What’s in a Ceramic Glaze? How Some Mugs Turn Out Differently
It’s common knowledge that no two Sunset Hill Stoneware coffee mugs or beer mugs are exactly alike. Practically every step of the process is done by hand, including applying the ceramic glaze, so that’s a natural result.
Another result that some might not know about is how some of our glazes might turn out slightly differently on different mugs. Because every mineral in our glazes is naturally sourced, they might turn out differently depending on where the minerals were mined. It’s a wonder of science that causes our glazes to look different.
Here are just a few of the glazes that have undergone some amazing transformations over time.
One of our most popular glazes, Copperhead Run can have a lot of minor variations. Any of them could occur based on where the minerals in our natural glazes come from, how long the glaze dried before going into the kiln and other factors.
Some mugs in Copperhead Run—or its sister glaze, Sandstone—might have a more solid pattern from one mug or stein to the next. Others might have a flecked pattern on them and a top that is more blue than green.
No matter what the case may be, it shows just how unique each of our mugs can turn out. Even in the same glaze color, no two might look exactly alike, depending on the other minerals that are present inside the glaze.
Pistachio and Mustachio
Based in light green and covered in dark flecks, Pistachio and Mustachio are unique glazes that stand out in a sea of other shades of green with youthful freshness and a slight vintage vibe.
Each mug in these colors may have more or fewer brownish spots, depending on how the glaze behaves in the kiln. Either way, you’ll find these spots peppered all over the surface and inside every unique coffee mug.
Other times, the spots on Pistachio and Mustachio may be darker or lighter. Much like fingerprints, no two batches of these mugs will look completely alike. These two glazes are a true testament to each Sunset Hill Stoneware mug’s uniqueness from the moment it comes out of the kiln.
Deep River Haze
One of our older glazes, Deep River Haze is subject to different variations. Based in our tried-and-true Navy Blue, the top of this two-tone glaze can vary from almost golden yellow to a darker shade of spring green. The solidness of the glaze can also vary from batch to batch.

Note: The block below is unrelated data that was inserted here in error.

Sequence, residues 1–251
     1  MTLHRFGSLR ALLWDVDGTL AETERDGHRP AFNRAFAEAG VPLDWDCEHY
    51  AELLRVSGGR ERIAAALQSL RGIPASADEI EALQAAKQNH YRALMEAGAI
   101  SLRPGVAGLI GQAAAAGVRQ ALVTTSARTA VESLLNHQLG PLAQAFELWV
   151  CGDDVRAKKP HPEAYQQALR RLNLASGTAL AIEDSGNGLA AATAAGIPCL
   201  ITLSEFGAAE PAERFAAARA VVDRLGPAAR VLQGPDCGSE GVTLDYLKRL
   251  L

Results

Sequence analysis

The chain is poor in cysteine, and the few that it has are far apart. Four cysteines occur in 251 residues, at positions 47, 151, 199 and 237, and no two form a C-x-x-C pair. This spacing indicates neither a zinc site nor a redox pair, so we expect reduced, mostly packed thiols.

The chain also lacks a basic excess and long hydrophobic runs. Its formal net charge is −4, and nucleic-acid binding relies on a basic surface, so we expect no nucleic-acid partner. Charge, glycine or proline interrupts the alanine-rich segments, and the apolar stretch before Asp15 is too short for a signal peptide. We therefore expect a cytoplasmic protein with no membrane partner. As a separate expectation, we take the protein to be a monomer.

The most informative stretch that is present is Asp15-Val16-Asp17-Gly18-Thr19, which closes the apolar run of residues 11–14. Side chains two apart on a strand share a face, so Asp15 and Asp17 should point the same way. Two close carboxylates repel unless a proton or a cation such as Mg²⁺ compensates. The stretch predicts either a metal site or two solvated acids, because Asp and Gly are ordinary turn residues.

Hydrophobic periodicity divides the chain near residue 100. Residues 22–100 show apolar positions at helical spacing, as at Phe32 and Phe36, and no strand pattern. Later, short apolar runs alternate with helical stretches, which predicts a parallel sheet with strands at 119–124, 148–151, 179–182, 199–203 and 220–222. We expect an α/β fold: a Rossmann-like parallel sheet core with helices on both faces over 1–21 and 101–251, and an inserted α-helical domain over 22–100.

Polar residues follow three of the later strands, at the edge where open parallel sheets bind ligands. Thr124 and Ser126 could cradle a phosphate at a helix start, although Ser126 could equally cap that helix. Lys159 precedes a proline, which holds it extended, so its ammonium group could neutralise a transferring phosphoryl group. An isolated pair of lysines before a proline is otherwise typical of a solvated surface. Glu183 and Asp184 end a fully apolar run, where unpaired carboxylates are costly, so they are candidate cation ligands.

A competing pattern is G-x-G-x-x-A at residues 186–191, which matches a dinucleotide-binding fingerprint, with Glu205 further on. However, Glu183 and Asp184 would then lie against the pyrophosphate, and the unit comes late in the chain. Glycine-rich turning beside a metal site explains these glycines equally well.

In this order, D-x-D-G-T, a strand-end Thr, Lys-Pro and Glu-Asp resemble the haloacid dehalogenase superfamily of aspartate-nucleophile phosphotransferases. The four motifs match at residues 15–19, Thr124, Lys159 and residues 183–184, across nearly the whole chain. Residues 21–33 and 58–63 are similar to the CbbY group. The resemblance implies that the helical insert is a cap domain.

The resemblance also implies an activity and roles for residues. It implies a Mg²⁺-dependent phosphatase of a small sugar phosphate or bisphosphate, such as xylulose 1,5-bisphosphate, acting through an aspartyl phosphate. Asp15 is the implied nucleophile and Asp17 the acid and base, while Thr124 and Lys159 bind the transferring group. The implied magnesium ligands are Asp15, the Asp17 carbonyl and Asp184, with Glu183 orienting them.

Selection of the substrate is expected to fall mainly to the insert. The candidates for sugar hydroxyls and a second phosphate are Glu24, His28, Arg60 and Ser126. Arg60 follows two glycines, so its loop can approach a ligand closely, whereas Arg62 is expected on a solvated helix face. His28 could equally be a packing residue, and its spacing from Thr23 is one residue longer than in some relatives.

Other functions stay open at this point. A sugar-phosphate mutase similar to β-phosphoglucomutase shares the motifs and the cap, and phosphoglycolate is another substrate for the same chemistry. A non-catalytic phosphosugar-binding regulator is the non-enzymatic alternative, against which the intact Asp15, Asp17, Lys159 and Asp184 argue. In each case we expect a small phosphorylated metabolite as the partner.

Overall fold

A few main factors determine the final results for Deep River Haze. Slight variations in the mineral content can change the shade on top of the glaze—which is to be expected. Since none of our glazes are made synthetically, we cannot guarantee the same outcome will occur every single time.
Since we introduced it, our Red glaze has been a dramatic shade used for everything from coffee companies to national historical parks. Even though it’s a solid shade and doesn’t come with any accent colors or extra patters, that just makes our Red the ultimate statement color.
Thanks to some varying factors, our Red can sometimes look lighter or darker in person than it does in photos on our blog, or even next to other red mugs. However, this is the sign of a quality mug. If it came out as the exact same shade every time, that wouldn’t be as natural as something that was sourced from the earth.
A deep shade of blue that radiates beauty, Electric Blue and its derivatives, Blue Moon and Northern Lights, are popular for everything from breweries to military organizations. Since these glaze combinations are more sensitive to changes in mineral content, Blue Moon and Northern Lights in particular might look a little different each time.
The dark top on Blue Moon can vary depending on as little as placement in the kiln. This can cause the top to have brighter spots, or to be a much darker shade that pairs well with almost any artwork imaginable.
Meanwhile, Northern Lights can have a top that looks light blue, greenish or even yellow depending on conditions. These variations make each mug visibly different from the last. They’re also the reason why Northern Lights is among our most popular glazes, and a purchasable option for 12 Packs in the Sunset Hill Stoneware Online Store.
Shade variances sometimes happen in Stormy Blue and its sister ceramic glaze, Night Sky. In some cases, the base color in both of these glazes may have a purple tint or skew more toward bright blue. When paired with a darker blue in Night Sky, it can appear even brighter by contrast.
Then there’s the inside of the medallions in Stormy Blue and Night Sky. Because of the glaze’s consistency, it can appear almost orange inside reversed medallions. But, that’s exactly what makes Stormy Blue and Night Sky such crowd-pleasing glazes. They’re the perfect addition to any mug collection, and a dream for anyone looking to add some artistic flair to their logo.
While some value uniformity, Sunset Hill Stoneware embraces variation. Of course, we still value quality control, but we also welcome and celebrate the small differences in each color we offer.
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